Swiss Supreme Court acknowledges limited privilege for
On 28 October 2008, the Swiss Supreme Court handed down an
important ruling in which it extended in some way the scope of
legal professional privilege to communications between parties and
their in-house solicitors in the context of Swiss competition law.
The Swiss Supreme Court confirmed the view, already expressed by
some commentators, according to which privilege extends to protect
internal communications involving in-house solicitors from
disclosure during competition investigations by the Federal
Competition Commission (FCC), provided that such communications
have not been made available by the company's corporate bodies
to other persons within the company and have been subject to steps
by the solicitor concerned to keep the information under his
control. That protection only applies to communications with
in-house "solicitors", which is deemed to exclude lawyers
having not completed a bar exam.
In contrast, the Swiss Supreme Court refused to extend the scope
of privilege to correspondence and advice from off-counsels,
whenever such correspondence is kept in the company's
The power to order house searches and seizures is one of the
substantial amendments of the Competition Act of 1 April 2004
(ACart). Under this investigative power, the Secretariat of the FCC
conducted its first dawn raids in 2006 and 2007. However, one issue
that remained to be clarified was the protection of documents
subject to professional privilege during house searches. Based on
precedents in criminal proceedings, the Secretariat considered that
privileged documents are excluded from seizure, provided that they
relate to the current investigation; the Secretariat was also of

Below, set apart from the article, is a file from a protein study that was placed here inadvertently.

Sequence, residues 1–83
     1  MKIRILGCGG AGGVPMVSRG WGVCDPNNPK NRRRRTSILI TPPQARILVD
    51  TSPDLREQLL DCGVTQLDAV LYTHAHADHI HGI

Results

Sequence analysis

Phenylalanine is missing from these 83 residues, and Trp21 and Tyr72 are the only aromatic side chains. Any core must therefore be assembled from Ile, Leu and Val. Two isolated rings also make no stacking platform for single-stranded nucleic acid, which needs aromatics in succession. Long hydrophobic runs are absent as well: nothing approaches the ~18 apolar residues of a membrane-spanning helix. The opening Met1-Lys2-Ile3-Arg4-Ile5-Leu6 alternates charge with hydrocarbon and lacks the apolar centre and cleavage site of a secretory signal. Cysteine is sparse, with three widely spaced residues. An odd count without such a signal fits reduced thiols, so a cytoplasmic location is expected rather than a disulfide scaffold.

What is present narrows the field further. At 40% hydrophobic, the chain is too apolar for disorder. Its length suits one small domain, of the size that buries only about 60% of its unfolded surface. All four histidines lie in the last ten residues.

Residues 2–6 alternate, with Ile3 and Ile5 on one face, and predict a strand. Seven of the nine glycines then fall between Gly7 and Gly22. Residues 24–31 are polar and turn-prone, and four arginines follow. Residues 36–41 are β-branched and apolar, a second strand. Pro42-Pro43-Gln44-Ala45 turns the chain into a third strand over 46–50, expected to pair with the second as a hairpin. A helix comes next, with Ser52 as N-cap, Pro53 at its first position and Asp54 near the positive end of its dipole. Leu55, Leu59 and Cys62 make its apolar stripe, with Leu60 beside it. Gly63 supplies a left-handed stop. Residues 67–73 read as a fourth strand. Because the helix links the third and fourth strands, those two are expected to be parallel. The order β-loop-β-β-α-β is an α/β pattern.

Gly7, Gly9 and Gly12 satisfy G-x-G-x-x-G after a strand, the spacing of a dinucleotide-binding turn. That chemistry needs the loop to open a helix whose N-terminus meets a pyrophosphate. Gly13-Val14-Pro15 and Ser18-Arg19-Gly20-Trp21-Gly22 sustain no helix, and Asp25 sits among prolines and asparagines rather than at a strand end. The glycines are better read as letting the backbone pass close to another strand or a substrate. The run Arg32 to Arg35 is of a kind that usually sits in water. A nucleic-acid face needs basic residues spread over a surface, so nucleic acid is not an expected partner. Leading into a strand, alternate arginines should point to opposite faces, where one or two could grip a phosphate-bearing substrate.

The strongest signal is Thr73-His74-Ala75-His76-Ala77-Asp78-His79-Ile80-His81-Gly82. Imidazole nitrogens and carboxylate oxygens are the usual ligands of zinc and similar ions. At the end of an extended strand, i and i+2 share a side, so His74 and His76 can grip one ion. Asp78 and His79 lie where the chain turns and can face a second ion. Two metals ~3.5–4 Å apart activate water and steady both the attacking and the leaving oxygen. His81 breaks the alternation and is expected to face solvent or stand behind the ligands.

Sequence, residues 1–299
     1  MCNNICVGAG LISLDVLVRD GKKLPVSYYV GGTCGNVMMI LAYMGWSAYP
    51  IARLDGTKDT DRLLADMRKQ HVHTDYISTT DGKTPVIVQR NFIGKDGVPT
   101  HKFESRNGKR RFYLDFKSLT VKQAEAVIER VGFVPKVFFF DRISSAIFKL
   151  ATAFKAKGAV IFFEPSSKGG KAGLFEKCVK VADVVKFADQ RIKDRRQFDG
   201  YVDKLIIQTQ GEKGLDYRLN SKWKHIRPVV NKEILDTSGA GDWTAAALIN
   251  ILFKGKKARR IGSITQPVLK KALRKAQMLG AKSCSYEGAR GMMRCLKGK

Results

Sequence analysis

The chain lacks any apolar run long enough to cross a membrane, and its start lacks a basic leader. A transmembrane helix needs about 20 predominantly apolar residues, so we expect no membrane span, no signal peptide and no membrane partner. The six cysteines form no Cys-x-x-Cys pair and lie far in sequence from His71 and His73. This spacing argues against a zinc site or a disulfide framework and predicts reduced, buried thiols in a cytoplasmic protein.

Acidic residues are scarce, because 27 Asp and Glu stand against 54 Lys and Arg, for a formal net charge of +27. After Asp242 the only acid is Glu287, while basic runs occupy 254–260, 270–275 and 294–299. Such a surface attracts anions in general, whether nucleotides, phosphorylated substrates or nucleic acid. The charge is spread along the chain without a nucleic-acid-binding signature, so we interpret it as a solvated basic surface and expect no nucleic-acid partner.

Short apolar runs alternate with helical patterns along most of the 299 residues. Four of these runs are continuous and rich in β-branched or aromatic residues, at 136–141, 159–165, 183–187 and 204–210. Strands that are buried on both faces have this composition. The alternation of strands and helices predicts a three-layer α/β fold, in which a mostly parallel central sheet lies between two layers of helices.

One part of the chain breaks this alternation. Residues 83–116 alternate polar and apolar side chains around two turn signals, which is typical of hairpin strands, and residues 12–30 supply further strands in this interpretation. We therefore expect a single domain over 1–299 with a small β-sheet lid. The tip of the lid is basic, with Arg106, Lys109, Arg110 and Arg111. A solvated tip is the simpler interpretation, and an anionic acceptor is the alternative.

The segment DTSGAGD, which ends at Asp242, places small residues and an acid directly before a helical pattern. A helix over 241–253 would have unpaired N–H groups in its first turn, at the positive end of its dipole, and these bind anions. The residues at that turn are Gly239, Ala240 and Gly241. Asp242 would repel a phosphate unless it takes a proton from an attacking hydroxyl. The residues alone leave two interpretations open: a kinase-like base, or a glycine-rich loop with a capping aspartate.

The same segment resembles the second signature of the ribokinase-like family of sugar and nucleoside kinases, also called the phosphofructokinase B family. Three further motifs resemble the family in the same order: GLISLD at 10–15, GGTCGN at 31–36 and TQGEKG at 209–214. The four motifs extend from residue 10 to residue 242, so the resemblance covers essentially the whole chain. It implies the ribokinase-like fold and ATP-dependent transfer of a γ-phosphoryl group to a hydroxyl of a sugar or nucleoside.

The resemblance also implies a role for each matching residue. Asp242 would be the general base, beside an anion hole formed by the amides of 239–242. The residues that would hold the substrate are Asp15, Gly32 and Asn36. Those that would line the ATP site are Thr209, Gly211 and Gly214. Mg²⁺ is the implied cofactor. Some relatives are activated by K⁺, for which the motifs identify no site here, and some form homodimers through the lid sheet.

the opinion that in-house lawyers were not subject to lawyers'
Off-counsels and their clients will no doubt be disappointed at
the Swiss Supreme Court's refusal to extend the scope of legal
privilege to correspondence held by the client in the context of
Swiss competition law. However, the Swiss Supreme Court's
findings in respect of the procedure to be followed by the FCC
during an investigation will provide some comfort.
Unlawful agreements to be held null and void
In a decision dated 12 June 2008, the Swiss Supreme Court
confirmed the view of many commentators that unlawful agreements
under the ACart are, in principle, entirely null and void. The
Swiss Supreme Court also ruled that, if either party has obtained
any service or other benefit from the other on the basis of such an
agreement, then the beneficiary shall make restitution to the
benefactor in accordance with the unjust enrichment rules of the
Swiss Code of Obligations.
FCC opens investigation against members of the
On 1 December 2008, the FCC opened an in-depth investigation
against the Geneva-based Association of Manufacturers and Suppliers
of the Cosmetic and Perfumery Industry (ASCOPA) for possible price
fixing. Members of ASCOPA include, amongst others, Chanel SA
Genève, Clarins SA, L'Oréal Produits de Luxe
Suisse SA, Parfums Christian Dior AG and Coty (Schweiz) AG.
The FCC said it had received a complaint that pricing
information could have been exchanged among members of ASCOPA.
The investigation has to show whether the sharing of information
between ASCOPA members has an impact on the competitiveness of the
members and whether it may constitute an unlawful agreement under
FCC opens investigation against distributors of door
On 8 December 2008, the FCC opened an investigation against
distributors of doors components (doorknobs, hinges, locks, etc.).
Those undertakings are suspected of having concluded agreements on
prices, discounts and price conditions. The investigation has to
show whether such agreements between distributors actually existed
and what effects they may have in the Swiss market.
In July 2007, the FCC had already opened an investigation in the
field of hardware for windows, doors and gates. During this
procedure, information on a new cartel has been brought to the
attention of the competition authorities. Under the ACart, if
undertakings voluntarily provide information or evidence regarding
a second, still-hidden, hard-core cartel, they are likely to enjoy
a reduction of fines by up to 80%.
FCC conducts searches and opens investigation
against undertakings active in the sanitation, heating and air
On 16 December 2008, the FCC opened an investigation against
several undertakings active in the field of sanitation, heating and
air conditioning products. Following a self-denunciation, the FCC
conducted searches and found indication that the undertakings
concerned may have exchanged information on prices, contemplated
price increases, discounts and sales turnovers for various
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